Young Horse Development Scholarship Winners

Young Horse Development Scholarship Winners

Four AQHYA members earned a total of $5,000 in scholarships through the 2022 AQHA Ranching Heritage Young Horse Development Program.

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Since January, 36 American Quarter Horse Youth Association members have recorded their progress training a yearling bred by an American Quarter Horse Association Ranching Heritage Breeder. Recently, four AQHYA members were named scholarship winners for the 2022 AQHA Ranching Heritage Young Horse Development Program.

In first place, earning a $2,000 scholarship and custom belt buckle is Adrian Davis of Mercersburg, Pennsylvania. Davis’ Ranching Heritage-bred horse is Hickory San Dunit, a 2021 bay colt by Peppys San Dunit out of Harlans Miss Hickory by Son Of Hickory. The colt was bred by Jack Clark of Clark Farms in Hustontown, Pennsylvania.

Second place goes to Lindsay Beyer of Luxemburg, Wisconsin. She receives a $1,500 scholarship and a Justin Boots gift certificate. Beyer worked with RWS Rios Plan B, a 2021 sorrel colt by Rios Santana out of RWS Ms Sonora Badger by Solito Badger. RWS Rios Plan B was bred by Georga Sutton of Raymond Sutton Ranch in Gettysburg, South Dakota.

Ava Blyth of Bend, Oregon, was third with her filly, Weavers Pretty Kat. The 2021 sorrel filly is by Bet Hesa Echo Cat out of Weavers Tuf Pretty by Ima Tuf Lena. The filly was bred by Stan and Nancy Weaver of Weaver Quarter Horses in Big Sandy, Montana. Blyth receives a $1,000 scholarship and a $100 Wrangler product gift certificate.

Fourth place goes to Lili Drinkall of Milledgeville, Illinois. She receives a $500 scholarship and a $100 Wrangler product gift certificate. Drinkall worked with Sunups Lil Skipper, a 2021 buckskin filly by Zans Tyree Drifter out of Tyrees Amber Skip by Watch Tyree Two. The filly was bred Mr. and Mrs. Reed Kettlewell of Sunup Ranch in Brainerd, Minnesota.

The Young Horse Development Program was created in 2011 to give AQHYA members an opportunity to learn the fundamentals of horsemanship and celebrated it’s 10-year anniversary with the 2022 class. In the 10 years since the program’s inception, nearly 400 horses have been donated with an estimated value of $1.4 million. The horses used in the program are bred by AQHA Ranching Heritage Breeders, which are working cattle ranches with a remuda of at least five AQHA-registered mares that produce ranch horses. The participating Ranching Heritage Breeders donate weanlings for the program participants to evaluate, raise and train. Young Horse Development Program participants get to keep their horses.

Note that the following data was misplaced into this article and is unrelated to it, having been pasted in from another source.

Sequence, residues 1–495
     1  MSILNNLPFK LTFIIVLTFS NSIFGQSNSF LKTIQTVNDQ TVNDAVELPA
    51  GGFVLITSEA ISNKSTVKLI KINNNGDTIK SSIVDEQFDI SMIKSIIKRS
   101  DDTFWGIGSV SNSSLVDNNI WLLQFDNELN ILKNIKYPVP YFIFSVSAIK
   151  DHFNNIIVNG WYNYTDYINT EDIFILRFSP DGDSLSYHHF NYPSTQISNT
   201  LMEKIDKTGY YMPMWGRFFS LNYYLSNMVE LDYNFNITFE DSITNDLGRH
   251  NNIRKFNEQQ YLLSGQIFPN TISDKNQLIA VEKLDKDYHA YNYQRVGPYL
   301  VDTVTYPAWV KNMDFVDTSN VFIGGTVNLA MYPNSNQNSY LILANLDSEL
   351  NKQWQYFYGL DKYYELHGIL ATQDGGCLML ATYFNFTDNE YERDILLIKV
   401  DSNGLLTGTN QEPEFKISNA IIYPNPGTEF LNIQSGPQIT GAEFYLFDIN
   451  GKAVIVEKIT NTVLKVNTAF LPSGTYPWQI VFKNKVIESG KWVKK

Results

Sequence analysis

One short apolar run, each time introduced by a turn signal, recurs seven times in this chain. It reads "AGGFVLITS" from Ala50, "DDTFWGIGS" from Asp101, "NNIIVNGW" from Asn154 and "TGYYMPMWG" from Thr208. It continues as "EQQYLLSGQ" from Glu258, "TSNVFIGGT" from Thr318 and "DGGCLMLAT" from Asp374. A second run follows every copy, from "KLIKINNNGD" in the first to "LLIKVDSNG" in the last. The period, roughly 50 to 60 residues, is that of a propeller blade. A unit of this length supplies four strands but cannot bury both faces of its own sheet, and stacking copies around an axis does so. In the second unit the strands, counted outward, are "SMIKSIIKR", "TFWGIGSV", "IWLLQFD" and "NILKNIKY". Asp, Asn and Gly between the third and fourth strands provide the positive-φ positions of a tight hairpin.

“The Young Horse Development Program was designed to allow youth participants an opportunity to get hands-on horse experience,” said AQHA Interim Chief Show Officer Karen McCuistion. “The program is an excellent opportunity to connect these young adults with the equine industry and provides a solid foundation for their education and future career path. In turn, their experience in the program turns into a valuable set of skills that will carry them forward as members of our industry.”

The Young Horse Development Program participants raise their weanlings-turned-yearlings and document their monthly progress; participate in webinars; complete monthly management assignments; track goals; engage in mentoring sessions with local AQHA Professional Horsemen; and compile videos of themselves with their horse completing assignments including trailering, an in-hand trail pattern and more. Following project completion, a select number of scholarships and prizes are awarded. 

To learn more about the program and sign up for a notification of the 2024 application release, visit

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